The average age of a US MBA applicant to a full-time program is 28 years old with 3-6 years of work experience. In the top-ranked full-time MBA programs, only about 10% of students are over 30 years old. Older students have more to consider when applying to MBA programs regardless of the program schedule-full time or part-time/weekend.
Profile of the over 30 applicant
Most older students have more than ten years of work experience and are at a life stage where the MBA degree makes sense. Some examples of older students are military veterans transitioning to the civilian economy or upskilling their non-combat management skills e.g. logistics. Also, people with 8-10 years of work experience who want to pivot into a new industry, rejoin the workforce after a pause or want to position themselves for executive roles.
Benefits of being an older student
Perspective, time management skills, and discipline are some benefits that older students bring to an MBA program. Having seen a business cycle rise and fall or having been deployed overseas gives a person a broader perspective of life. Most working adults with young children are masters of time management. Adding in an MBA program is just another color-coded activity on the kitchen refrigerator calendar. Being responsible for your family and work gives older students a positive discipline habit. They do what they say and get things done.
Challenges for older students
Status, technology, and social skills are the biggest challenges that I see. Older students may be used to a certain professional hierarchy at work with the associated status. Students under 30 do not care about your status. They want you to participate in the MBA experience and fully contribute to the team.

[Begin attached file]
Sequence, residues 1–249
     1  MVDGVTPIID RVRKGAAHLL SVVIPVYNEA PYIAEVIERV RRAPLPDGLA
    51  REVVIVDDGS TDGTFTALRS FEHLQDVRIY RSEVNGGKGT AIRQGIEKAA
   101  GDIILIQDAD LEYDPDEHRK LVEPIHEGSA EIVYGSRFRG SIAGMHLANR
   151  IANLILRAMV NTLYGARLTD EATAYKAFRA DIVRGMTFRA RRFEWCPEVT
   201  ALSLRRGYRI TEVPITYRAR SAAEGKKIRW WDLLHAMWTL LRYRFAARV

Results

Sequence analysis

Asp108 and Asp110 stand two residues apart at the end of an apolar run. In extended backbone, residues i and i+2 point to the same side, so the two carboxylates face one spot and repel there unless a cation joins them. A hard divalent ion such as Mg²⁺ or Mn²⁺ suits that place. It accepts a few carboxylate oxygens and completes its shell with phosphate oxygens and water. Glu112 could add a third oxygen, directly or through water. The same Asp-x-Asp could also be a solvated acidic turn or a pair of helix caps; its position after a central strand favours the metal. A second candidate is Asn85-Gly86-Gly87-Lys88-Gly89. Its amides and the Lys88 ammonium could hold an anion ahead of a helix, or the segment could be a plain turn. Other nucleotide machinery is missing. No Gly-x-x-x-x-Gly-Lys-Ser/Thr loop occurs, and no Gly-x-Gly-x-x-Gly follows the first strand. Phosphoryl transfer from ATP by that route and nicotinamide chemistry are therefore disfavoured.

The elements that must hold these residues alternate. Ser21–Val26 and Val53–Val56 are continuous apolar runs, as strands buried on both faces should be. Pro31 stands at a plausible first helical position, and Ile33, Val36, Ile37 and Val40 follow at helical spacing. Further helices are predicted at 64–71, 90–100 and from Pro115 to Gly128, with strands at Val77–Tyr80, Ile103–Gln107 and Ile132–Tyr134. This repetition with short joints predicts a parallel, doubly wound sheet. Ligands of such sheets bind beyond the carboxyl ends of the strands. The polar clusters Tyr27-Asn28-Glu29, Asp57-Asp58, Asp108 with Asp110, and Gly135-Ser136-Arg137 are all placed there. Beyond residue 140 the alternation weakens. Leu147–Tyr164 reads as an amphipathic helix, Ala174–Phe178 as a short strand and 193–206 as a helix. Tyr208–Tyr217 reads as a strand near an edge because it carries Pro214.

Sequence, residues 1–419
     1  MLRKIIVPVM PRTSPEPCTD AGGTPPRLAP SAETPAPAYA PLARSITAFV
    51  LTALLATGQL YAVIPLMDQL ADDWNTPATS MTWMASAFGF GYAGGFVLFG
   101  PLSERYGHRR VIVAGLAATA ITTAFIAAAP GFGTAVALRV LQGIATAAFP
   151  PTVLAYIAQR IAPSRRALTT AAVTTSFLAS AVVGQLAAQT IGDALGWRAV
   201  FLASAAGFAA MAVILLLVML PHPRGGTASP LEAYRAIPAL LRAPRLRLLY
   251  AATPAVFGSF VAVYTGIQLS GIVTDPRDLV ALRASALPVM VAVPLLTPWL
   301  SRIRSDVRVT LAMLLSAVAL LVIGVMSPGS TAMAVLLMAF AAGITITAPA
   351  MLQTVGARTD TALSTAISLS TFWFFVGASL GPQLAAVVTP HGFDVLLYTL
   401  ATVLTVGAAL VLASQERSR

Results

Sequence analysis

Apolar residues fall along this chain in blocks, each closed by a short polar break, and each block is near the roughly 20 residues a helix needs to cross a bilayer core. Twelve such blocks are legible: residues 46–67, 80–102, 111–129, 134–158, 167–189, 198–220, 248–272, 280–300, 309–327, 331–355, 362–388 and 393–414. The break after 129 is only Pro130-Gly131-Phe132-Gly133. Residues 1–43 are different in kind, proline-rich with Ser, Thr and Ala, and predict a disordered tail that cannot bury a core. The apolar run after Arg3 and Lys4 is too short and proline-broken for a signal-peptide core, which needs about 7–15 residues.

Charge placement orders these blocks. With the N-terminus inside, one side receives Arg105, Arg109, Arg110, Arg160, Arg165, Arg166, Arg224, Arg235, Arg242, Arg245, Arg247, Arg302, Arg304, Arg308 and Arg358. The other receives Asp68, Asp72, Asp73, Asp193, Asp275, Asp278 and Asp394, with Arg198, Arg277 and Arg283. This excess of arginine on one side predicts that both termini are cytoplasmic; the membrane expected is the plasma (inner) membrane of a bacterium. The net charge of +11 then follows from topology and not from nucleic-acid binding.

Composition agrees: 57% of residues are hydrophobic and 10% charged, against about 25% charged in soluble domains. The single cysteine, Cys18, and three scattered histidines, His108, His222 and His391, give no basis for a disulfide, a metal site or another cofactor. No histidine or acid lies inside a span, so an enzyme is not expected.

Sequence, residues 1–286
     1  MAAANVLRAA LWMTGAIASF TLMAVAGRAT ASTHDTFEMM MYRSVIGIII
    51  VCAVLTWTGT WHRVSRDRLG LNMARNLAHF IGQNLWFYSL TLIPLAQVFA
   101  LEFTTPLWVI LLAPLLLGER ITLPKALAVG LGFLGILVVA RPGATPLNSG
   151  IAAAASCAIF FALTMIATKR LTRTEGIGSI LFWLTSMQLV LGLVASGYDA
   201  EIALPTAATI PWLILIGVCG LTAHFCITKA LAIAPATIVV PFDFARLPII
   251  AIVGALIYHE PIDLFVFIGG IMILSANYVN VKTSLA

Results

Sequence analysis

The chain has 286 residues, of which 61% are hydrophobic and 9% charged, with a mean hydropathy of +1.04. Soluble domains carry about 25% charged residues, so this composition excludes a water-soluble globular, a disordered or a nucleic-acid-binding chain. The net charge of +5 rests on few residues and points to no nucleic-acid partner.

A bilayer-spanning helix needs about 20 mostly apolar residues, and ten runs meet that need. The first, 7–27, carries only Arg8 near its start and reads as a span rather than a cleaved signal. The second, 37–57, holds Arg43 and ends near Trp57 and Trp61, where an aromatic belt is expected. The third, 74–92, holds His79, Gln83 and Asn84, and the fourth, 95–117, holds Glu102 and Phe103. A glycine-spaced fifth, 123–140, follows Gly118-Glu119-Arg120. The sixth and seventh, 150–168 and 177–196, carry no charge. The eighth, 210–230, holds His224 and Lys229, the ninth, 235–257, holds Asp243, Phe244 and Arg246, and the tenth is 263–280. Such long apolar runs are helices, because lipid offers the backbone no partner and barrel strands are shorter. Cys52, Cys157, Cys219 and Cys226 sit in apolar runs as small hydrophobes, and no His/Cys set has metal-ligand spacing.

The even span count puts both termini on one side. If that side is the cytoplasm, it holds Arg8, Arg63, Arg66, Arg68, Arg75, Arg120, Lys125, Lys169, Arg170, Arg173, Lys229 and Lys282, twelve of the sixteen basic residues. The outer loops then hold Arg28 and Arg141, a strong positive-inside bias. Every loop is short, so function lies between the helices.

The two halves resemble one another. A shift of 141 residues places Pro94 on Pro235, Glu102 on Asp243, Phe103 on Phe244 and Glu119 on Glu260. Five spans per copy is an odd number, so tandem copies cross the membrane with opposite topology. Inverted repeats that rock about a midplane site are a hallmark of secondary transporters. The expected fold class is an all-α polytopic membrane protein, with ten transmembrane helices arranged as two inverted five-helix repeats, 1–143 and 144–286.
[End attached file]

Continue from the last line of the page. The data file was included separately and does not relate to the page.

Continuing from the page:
People under 30 years old are digital natives, which means they have had access to mobile phones and computers their entire life. They arrive for MBA programs ready to handle the Learning Management System (LMS), which is a digital combination of a website and file server for course documents and assignments. Older students need to use the LMS and be comfortable with almost no paper syllabi or assignments. Team communication will occur in text messages or digital chat tools such as Slack.
Social skills are also a challenge for older students. Accept those social media invites and look forward to a wide range of interactions on mobile apps with your younger teammates!
Options for older students
Full-time MBA program demography statistics indicate that older students will have the challenge to be accepted. However, most part-time/weekend MBA programs have a more diverse age range, and Executive MBA programs will have most students with over ten years of work experience. This video on When to get an MBA might be helpful.
Top-ranked MBA programs will be difficult to get into as a person with 10+ years of work experience but is still possible. However, there are excellent part-time/weekend programs in a variety of formats (in-person, hybrid, or online) that will deliver the ROI and value that older students want from an MBA.
TLDR: Older MBA program applicants should consider a wider range of types of MBA programs and embrace the positive attributes they bring to an MBA class.
2 thoughts on “MBA for older adults”
Isn’t there an Encino branch of Pepperdine university business school? I am interested in Entrepreneurship and media.
DeWayne, I think the Encino campus has closed. See https://www.pepperdine.edu/newsroom/articles/pepperdine-universitys-encino-graduate-campus-close-may-2022.htm